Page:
Aviano airman gets prison time, discharge for role in drunken driving death

By JENNIFER H. SVAN | STARS AND STRIPES Published: June 12, 2014

KAISERSLAUTERN, Germany — An airman assigned to Aviano Air Base, Italy, is headed to prison for crashing his car while driving drunk last summer and causing the death of his passenger, a fellow airman.

Airman Demarrius R. Jeffers received a prison sentence of two years and six months at a court-martial before a military judge and no jury Tuesday at Aviano, according to information provided by Capt. Lacie Jo Collins, an Aviano base spokeswoman.

Jeffers pleaded guilty to drunken driving and involuntary manslaughter. Killed in the crash last June was Airman 1st Class Dennis A. Felton II, a 21-year-old from Cleveland. A member of the 31st Security Forces Squadron, Felton died only four months after arriving at Aviano, his first duty station. He joined the Air Force in August 2012.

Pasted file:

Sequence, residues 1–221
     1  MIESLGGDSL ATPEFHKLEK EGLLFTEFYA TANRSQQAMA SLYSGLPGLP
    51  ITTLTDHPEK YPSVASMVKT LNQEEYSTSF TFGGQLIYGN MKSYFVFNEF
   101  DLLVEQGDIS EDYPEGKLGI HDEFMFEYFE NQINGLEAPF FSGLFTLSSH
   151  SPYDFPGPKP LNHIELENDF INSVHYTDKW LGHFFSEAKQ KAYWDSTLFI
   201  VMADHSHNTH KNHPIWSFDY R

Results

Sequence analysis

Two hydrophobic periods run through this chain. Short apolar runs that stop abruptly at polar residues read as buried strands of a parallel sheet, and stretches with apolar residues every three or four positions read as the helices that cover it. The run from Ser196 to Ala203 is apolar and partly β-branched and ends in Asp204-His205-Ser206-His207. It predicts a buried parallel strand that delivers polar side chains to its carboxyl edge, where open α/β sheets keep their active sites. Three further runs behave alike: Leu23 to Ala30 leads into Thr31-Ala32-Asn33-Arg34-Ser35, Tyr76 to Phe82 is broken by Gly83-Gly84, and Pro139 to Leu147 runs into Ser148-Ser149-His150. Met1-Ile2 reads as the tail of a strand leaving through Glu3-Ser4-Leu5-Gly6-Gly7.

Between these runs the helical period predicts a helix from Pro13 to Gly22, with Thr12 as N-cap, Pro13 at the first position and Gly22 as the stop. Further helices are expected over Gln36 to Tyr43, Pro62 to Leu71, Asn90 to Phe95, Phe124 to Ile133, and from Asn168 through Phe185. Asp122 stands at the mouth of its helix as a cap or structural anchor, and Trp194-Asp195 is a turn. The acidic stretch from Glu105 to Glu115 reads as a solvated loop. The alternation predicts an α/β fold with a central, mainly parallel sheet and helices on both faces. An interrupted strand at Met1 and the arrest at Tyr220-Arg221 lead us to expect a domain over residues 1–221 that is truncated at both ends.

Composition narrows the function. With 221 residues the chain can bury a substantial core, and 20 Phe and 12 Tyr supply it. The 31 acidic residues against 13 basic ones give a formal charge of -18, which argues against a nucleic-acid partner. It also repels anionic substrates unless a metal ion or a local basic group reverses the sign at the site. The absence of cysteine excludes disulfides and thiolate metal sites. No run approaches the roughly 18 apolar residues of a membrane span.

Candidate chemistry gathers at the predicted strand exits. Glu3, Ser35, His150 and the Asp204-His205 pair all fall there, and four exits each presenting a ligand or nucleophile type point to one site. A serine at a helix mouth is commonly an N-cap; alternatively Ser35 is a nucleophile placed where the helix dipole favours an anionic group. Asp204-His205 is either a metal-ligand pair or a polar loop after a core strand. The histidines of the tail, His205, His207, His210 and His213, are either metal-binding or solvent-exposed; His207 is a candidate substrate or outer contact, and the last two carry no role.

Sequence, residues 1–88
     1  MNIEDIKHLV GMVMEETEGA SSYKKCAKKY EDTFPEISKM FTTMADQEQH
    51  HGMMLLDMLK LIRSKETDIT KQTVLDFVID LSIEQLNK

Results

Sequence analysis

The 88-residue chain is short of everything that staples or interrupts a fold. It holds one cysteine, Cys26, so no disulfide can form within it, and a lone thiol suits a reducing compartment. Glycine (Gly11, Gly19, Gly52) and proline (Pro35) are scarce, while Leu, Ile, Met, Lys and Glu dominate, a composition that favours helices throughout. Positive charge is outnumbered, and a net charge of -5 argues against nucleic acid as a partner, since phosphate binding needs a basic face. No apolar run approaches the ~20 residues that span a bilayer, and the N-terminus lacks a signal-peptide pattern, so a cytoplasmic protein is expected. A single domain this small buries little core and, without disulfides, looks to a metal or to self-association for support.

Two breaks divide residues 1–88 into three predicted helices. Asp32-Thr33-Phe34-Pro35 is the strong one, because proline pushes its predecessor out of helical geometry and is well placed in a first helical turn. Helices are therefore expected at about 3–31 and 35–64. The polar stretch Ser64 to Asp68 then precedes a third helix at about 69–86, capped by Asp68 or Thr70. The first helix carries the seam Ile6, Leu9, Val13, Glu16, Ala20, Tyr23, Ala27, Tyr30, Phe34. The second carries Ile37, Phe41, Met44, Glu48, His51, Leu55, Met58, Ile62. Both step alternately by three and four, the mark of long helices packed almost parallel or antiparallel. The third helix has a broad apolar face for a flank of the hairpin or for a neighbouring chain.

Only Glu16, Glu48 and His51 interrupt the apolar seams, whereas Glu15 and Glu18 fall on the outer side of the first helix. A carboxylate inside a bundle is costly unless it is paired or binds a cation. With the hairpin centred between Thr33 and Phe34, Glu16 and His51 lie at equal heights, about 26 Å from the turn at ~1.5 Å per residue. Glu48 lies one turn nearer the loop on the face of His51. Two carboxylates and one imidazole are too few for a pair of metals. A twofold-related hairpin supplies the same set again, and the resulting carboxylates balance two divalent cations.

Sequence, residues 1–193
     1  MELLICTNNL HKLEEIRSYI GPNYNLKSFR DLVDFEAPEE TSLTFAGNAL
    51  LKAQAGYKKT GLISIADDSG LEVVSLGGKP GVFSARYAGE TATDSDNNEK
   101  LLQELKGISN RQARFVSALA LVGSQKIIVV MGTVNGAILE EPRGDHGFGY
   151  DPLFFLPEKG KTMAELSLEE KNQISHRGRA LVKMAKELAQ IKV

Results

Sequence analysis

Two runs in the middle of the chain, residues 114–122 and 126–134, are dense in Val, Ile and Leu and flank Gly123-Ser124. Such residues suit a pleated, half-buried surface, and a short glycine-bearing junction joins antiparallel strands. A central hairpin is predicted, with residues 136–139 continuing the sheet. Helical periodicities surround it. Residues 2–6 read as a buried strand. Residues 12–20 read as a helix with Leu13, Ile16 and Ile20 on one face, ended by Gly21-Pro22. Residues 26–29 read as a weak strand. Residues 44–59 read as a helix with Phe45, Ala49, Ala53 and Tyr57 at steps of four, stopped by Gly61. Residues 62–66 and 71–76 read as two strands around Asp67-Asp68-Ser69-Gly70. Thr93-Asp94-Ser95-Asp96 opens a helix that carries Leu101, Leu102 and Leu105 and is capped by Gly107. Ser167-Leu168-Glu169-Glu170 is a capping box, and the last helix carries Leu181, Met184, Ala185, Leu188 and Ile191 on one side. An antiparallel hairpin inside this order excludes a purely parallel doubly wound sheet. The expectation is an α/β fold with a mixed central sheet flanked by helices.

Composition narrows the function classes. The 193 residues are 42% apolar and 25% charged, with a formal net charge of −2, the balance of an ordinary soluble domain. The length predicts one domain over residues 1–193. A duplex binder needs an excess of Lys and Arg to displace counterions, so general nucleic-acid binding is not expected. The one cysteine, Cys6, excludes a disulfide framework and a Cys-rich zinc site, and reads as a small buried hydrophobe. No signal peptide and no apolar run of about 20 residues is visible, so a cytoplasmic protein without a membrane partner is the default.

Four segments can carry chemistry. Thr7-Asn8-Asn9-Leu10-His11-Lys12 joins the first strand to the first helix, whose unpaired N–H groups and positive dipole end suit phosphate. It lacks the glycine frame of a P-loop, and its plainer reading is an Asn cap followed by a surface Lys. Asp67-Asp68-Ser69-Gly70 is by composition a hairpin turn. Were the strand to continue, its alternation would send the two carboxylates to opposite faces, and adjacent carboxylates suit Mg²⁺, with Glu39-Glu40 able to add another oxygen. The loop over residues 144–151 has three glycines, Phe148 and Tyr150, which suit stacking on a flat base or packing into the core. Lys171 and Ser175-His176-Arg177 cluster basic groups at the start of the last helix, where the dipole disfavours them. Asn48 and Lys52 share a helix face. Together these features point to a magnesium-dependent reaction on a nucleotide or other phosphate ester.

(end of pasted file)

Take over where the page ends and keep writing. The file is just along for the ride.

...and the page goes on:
Jeffers, a traffic management journeyman assigned to the 31st Logistics Readiness Squadron, was also reduced in rank to airman basic and given a bad-conduct discharge from the Air Force, according to information from Collins.

With a blood-alcohol concentration of at least .10 percent, Jeffers on June 2, 2013, was driving his vehicle about twice the posted speed limit when he veered into oncoming traffic, drove off the road and crashed, according to the charge sheet in the case. The accident occurred about 5 a.m. off base, near the intersection of what Americans refer to as the “A-P highway” (SP-7) and Via Menegoz, not far from the base’s north gate.

Felton was a passenger in the vehicle’s front seat, the charge sheet says.

Hundreds of airmen and friends attended a memorial service for Felton at Aviano last June, according to an Air Force news release.



Airman Demarrius R. Jeffers was sentenced Tuesday, June 10, 2014, in connection with the 2013 crash in which Airman 1st Class Dennis A. Felton was killed. Hundreds of service members came together to honor Felton, a 31st Security Forces security response team member, during a memorial ceremony last year.


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